There‚Äôs a general consensus in society, as well as home decor, that it‚Äôs the little things in life that matter the most. Enjoy the little pleasures. Appreciate the small moments. All that jazz.
For all the effort we put into trying to focus on the little things in life, this idea rarely translates over into the HR world, particularly when it comes to instilling the company culture that you want.
When companies sit down to think about their culture and how they can bring their visions to fruition, it‚Äôs easy to think big. Maybe you want to have the same innovative culture as Pixar so you start to think of a whole room dedicated to building and ideating; maybe you want to have a fun culture like Google so you start to think of the possibilities of putting a basketball court in the back office that nobody uses anyways.
The problem is, when you start thinking this big, you dig yourself into a hole that you‚Äôre never going to build yourself (or your culture) out of.
So what‚Äôs the solution? First, identify the root of the problem. Sure, it‚Äôs a problem that you‚Äôre thinking too big, but why are you thinking too big? It‚Äôs pretty simple: it‚Äôs easier to think big. Think of it like this: your culture is a big empty box of an idea that you can fill whatever you want with. What‚Äôs easier‚Äîthinking of lots of little pieces to fill that box, or one big thing? Obviously one big thing would be easier for you to think about‚Äîone and done. But it‚Äôs harder to complete and complete well, so most of the time you‚Äôll be left with an empty box.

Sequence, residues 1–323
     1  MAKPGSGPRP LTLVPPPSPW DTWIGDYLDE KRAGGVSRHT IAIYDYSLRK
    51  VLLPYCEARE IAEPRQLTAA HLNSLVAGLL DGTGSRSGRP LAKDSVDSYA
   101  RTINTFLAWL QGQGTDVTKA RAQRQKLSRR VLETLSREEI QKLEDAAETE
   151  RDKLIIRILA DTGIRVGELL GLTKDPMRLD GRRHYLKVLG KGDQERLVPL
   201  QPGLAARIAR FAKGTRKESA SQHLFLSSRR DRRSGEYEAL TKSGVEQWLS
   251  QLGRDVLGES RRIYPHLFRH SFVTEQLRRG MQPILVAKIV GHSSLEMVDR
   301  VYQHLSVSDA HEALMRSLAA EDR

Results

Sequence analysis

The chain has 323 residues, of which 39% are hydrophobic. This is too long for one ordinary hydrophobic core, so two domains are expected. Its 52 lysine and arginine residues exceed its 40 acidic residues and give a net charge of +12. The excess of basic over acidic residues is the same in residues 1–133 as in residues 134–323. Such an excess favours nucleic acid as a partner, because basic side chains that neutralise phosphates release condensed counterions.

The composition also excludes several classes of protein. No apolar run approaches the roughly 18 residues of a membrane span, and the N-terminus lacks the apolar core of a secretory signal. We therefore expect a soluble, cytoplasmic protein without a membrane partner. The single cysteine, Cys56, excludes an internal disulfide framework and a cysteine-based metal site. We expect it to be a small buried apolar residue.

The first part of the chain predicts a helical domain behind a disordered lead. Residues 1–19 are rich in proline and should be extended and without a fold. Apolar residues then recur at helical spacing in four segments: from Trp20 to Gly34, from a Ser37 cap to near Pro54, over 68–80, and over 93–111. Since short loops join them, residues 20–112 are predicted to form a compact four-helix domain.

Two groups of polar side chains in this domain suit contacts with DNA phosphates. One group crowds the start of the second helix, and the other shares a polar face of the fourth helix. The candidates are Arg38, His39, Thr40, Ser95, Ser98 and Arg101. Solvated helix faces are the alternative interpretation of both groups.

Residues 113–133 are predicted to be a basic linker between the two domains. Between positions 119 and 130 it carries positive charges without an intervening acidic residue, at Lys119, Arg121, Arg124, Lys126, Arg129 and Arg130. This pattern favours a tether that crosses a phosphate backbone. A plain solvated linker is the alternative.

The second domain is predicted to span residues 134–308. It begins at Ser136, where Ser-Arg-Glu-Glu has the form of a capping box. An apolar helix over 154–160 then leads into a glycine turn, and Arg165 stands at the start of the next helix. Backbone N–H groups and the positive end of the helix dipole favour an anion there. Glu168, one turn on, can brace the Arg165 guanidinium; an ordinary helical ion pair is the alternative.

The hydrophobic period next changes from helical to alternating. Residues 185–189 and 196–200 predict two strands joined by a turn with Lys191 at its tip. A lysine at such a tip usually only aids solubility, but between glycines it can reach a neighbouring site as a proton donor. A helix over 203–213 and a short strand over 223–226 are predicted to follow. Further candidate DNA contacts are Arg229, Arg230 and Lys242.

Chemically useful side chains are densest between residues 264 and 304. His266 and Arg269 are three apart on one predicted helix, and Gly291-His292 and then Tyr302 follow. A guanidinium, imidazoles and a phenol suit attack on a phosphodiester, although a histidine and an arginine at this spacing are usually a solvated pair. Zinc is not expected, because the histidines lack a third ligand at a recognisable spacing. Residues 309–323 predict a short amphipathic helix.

Instead, start narrowing your thinking into smaller segments.
Do This, Not That
Below are a few common culture trends that you can think little on:
- Creating a culture of creativity: You don‚Äôt need to give your employees a full day of playing brain games once a month or spend thousands on installing an art board. Grab a bucket of chalkboard paint and do up a wall for your employees to release some creativity onto; encourage your team members to express themselves by decorating their desks and giving out a quarterly recognition for who has the coolest desk.
- Creating a culture of cool: Yeah, everyone wishes they could have hammocks in the office or give your employees a free iPad just to have the ‚Äúcool‚Äù Apple logo floating around, but those are expensive and not practical ways. Instead, have your office manager or anyone of that caliber spend some time heading to Pinterest for some DIY projects. You can even get employees involved to up the engagement.
- Creating a culture of recognition: Giving your top employees a voucher for a weeklong cruise is easy to do, but it‚Äôs not practical. Rather, put in the extra little bit of effort to get your employees together once a month and just give a shoutout to those who are excelling. Our company has recently kicked this kind of recognition back into gear‚Äîit takes a certain amount of effort but the small gesture puts everyone in high spirits.
Culture is a hard thing to develop, but it‚Äôs even harder if you give yourself unattainable goals, even if they seem like a one-stop fix-it-all solution. As a company, start putting in the extra thought to find unique, small ways of building the culture you want. Your accounting department will thank you for it, and your employees will feel like the culture is really there in an authentic way. It‚Äôs the little things in life, and the little things around the office that matter the most.